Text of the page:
A variant gene has been identified by researchers that help those who have it, to live really long. Strangely this gene seems to confer a preserving effect upon the mental faculties also. This new research work was presented by scientists from the Albert Einstein College of Medicine of Yeshiva University. December 26, 2006 issue of Neurology published their findings.
Dr. Nir Barzilai, the lead researcher is the director of the Institute for Aging Research at Einstein. He along with his colleagues examined 158 people from a people group called Ashkenazi of Jewish descent from Eastern Europe. These people were all nonagenarians all of whom were above the age of 95. When contrasted with people who lacked the special variant gene they possessed, they had a strikingly better memory and greater concentration .This was assessed using standard cognitive function tests.
AdvertisementLater a younger group comprising of 124 Ashkenazi Jews who were between the ages of 75 and 85 took part in studies at the Einstein Aging Study for a research led by Dr. Richard Lipton. This research validated the findings of the previous study. Those from this group who did not develop cognitive disorders were 5 times more likely to have this variant gene in them, showed the researchers. This variant gene seems to change the size of cholesterol particles in the blood, enhancing their size. This stops these molecules from building up in the blood vessels thus preventing major chronic illnesses. It seems to ensures a good blood supply to the brain. This gene may also protect those who have it from the deadly Alzheimer's disease.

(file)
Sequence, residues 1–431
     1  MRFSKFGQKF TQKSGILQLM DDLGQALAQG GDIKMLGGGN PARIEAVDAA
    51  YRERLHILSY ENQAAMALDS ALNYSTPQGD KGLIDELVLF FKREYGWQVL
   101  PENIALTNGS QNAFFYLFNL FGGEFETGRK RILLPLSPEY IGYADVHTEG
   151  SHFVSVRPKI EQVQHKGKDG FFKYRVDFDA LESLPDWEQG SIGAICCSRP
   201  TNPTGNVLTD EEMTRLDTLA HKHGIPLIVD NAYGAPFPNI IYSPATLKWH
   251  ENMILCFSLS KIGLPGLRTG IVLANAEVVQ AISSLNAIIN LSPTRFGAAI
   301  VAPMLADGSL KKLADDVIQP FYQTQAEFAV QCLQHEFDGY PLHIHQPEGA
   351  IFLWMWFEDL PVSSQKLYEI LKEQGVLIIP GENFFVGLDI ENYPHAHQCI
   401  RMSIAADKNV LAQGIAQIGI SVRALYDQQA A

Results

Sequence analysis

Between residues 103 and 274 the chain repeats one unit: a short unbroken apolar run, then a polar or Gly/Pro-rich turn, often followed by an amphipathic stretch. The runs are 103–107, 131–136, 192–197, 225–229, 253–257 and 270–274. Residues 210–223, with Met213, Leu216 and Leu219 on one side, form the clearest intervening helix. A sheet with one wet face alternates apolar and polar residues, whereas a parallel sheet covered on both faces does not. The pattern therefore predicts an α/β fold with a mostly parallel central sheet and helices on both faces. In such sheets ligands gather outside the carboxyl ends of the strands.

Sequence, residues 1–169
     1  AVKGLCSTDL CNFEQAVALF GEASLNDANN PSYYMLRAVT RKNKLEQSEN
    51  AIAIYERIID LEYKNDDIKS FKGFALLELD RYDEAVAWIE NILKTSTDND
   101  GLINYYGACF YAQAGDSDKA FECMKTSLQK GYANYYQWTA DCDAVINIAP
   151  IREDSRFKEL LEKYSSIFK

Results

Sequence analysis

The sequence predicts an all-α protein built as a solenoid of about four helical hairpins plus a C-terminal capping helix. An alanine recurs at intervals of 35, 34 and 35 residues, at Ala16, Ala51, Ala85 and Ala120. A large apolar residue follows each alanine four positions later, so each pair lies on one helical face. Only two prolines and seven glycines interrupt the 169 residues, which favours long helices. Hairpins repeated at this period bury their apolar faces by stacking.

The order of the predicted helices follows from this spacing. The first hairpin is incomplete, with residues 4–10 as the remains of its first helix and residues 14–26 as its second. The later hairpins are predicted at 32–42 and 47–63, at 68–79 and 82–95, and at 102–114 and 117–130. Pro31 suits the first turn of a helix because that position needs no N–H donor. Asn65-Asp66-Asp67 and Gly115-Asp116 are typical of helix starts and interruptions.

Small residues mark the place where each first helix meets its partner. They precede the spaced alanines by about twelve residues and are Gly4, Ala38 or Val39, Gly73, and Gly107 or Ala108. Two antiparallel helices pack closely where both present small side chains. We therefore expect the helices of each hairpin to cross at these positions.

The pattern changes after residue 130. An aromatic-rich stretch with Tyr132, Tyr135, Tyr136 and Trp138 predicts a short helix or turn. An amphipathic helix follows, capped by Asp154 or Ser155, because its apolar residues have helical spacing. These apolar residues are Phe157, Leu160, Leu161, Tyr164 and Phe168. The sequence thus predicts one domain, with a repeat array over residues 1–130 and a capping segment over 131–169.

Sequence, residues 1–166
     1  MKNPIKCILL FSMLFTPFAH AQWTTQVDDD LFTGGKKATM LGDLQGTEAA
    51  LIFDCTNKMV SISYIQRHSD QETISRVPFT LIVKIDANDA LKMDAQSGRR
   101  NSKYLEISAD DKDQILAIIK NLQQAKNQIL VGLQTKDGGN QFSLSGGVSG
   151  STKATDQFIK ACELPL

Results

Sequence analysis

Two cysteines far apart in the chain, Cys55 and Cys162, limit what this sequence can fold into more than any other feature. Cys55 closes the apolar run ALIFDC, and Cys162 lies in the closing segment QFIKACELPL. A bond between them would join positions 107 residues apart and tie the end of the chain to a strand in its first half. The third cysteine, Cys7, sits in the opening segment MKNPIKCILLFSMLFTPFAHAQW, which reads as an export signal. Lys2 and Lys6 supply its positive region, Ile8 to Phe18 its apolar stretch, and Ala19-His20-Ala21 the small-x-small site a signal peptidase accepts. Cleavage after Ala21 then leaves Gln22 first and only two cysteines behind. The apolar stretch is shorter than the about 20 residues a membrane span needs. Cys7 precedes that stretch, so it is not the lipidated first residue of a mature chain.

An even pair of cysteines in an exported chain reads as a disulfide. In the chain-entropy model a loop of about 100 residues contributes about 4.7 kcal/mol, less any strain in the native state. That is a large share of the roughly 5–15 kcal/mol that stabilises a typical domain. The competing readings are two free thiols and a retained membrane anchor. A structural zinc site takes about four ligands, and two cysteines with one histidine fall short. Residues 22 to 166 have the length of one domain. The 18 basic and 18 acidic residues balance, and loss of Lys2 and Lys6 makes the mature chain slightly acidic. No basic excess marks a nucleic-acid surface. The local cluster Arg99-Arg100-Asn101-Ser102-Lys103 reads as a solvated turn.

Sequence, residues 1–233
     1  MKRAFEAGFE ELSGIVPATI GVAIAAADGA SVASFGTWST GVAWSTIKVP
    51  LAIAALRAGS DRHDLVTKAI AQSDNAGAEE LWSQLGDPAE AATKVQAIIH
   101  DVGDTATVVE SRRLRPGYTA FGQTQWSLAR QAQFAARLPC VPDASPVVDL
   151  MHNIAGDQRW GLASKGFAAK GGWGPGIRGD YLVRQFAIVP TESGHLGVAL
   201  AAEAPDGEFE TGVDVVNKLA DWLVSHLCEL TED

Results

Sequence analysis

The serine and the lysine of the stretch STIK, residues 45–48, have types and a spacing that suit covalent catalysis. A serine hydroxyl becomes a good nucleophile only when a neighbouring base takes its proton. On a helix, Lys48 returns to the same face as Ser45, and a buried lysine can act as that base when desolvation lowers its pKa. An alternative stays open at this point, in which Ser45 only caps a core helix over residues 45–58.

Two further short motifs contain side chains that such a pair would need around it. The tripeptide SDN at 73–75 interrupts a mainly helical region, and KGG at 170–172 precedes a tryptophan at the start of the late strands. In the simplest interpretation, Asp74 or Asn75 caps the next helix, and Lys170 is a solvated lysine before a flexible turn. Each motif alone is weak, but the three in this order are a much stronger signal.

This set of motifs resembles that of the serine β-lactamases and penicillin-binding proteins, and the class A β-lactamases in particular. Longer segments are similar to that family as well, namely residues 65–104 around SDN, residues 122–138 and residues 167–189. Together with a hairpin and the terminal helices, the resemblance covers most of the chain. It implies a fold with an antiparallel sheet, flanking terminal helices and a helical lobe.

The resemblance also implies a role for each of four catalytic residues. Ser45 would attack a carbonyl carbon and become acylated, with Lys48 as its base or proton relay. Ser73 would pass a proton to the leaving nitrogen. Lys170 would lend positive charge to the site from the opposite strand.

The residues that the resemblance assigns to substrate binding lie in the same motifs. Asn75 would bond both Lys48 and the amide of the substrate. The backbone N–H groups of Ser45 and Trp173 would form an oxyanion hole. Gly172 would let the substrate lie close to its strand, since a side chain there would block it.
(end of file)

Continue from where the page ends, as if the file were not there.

Living to 100 can be a painful proposition if one is not mentally agile, points out the researchers. This study has helped the researchers to gauge how important are the genetic aspects are that helps to decrease the risk of disease in those who live to see a complete century or more. One out of ten thousand people live to 100 years. Scientists are now channelising their efforts to develop a drug that may act like this variant gene CETP VV.
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